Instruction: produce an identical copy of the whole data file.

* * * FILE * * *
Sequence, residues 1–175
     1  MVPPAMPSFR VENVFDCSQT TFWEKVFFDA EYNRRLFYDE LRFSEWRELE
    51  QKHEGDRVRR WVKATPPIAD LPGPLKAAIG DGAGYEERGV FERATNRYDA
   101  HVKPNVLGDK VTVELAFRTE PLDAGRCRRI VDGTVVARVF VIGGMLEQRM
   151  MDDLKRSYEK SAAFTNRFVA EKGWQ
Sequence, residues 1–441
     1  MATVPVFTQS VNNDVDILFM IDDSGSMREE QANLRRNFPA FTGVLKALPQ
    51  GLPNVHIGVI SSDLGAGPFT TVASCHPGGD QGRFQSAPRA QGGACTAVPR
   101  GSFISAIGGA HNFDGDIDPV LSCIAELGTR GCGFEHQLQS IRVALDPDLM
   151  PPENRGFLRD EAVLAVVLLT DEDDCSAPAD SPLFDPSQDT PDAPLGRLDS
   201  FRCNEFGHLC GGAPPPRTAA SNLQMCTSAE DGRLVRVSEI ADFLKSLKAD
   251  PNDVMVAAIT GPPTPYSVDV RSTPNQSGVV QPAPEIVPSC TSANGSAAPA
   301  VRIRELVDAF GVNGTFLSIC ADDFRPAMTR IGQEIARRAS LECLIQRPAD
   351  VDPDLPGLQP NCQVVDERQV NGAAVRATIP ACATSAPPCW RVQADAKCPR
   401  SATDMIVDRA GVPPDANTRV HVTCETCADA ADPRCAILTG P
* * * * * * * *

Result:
Sequence, residues 1–175
     1  MVPPAMPSFR VENVFDCSQT TFWEKVFFDA EYNRRLFYDE LRFSEWRELE
    51  QKHEGDRVRR WVKATPPIAD LPGPLKAAIG DGAGYEERGV FERATNRYDA
   101  HVKPNVLGDK VTVELAFRTE PLDAGRCRRI VDGTVVARVF VIGGMLEQRM
   151  MDDLKRSYEK SAAFTNRFVA EKGWQ
Sequence, residues 1–441
     1  MATVPVFTQS VNNDVDILFM IDDSGSMREE QANLRRNFPA FTGVLKALPQ
    51  GLPNVHIGVI SSDLGAGPFT TVASCHPGGD QGRFQSAPRA QGGACTAVPR
   101  GSFISAIGGA HNFDGDIDPV LSCIAELGTR GCGFEHQLQS IRVALDPDLM
   151  PPENRGFLRD EAVLAVVLLT DEDDCSAPAD SPLFDPSQDT PDAPLGRLDS
   201  FRCNEFGHLC GGAPPPRTAA SNLQMCTSAE DGRLVRVSEI ADFLKSLKAD
   251  PNDVMVAAIT GPPTPYSVDV RSTPNQSGVV QPAPEIVPSC TSANGSAAPA
   301  VRIRELVDAF GVNGTFLSIC ADDFRPAMTR IGQEIARRAS LECLIQRPAD
   351  VDPDLPGLQP NCQVVDERQV NGAAVRATIP ACATSAPPCW RVQADAKCPR
   401  SATDMIVDRA GVPPDANTRV HVTCETCADA ADPRCAILTG P